Gold rose on Monday from its lowest level in five weeks to trade around $1182 an ounce, as mixed U.S. economic data sparked speculations the Federal Reserve may postpone its rate hike to September.
While many analysts predict the Fed to raise interest rates in June, the recent data provided evidence recovery is uneven.
For instance, the infamous non-farm payrolls rose by just 126,000 last month, marking its weakest since late 2013.
Although the U.S. dollar posted its second weekly decline last week, gold was unable to gain demand as an alternative investment.
Investors will keep their eyes on the Fed’s two-day policy meeting starting on Tuesday to get guidance regarding the timing of a U.S. rate hike.
The meeting may not give clear guidance to the timing of the hike, but comments from Fed Chair Janet Yellen is likely to weigh on bullion prices.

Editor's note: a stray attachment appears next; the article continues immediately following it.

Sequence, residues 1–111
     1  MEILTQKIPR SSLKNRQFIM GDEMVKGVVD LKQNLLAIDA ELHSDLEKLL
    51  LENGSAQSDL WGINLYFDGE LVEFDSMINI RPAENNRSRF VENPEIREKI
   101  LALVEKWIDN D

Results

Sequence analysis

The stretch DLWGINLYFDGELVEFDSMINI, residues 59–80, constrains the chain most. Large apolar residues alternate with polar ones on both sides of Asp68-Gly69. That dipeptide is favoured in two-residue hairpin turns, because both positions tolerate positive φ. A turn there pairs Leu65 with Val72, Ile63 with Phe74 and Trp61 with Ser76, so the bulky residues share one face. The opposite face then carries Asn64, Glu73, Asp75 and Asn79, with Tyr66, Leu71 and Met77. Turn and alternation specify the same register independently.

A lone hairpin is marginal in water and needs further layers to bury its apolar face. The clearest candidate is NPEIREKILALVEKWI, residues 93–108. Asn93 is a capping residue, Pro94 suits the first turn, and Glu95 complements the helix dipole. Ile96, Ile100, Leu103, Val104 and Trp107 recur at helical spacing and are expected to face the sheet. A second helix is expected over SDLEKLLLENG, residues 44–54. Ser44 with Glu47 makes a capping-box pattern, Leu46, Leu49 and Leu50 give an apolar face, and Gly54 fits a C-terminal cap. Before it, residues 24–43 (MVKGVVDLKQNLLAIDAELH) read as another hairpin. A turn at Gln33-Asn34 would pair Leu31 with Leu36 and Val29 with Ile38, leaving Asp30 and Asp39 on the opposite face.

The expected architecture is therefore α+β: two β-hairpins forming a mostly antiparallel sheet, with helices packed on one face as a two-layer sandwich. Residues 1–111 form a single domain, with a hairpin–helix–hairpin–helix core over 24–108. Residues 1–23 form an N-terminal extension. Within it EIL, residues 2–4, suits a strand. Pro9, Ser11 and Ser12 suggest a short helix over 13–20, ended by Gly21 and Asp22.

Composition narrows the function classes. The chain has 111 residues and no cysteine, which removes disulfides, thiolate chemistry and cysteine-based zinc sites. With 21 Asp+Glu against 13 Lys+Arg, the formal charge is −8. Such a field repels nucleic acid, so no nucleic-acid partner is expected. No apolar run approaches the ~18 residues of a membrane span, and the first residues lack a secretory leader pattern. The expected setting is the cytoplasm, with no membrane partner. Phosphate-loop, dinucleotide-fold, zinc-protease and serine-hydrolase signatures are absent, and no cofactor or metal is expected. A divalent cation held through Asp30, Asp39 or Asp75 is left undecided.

The outlook for the shiny metal remains weak despite the release of some lackluster U.S. data and ease in the dollar, as investors know the Fed will eventually raise the borrowing cost whether in June or September. This means that gold will face a downside pressure, as the rate hike signals the end of the era of near-zero interest rates.
Still, traders prefer to put their money on stocks where Nasdaq led the rally in Wall Street in the week ended April 24, following the release of upbeat earning results by giant companies including Amazon, Microsoft and Google.
The following weekly chart shows the weakness in gold trend, as prices have continued to form lower highs since hitting a peak of $1433.45 in August 2013.
Bullion prices are currently trading lower SMA 50 and SMA 100, while the RSI 14 momentum indicator shows that gold is moving below the 50-center line.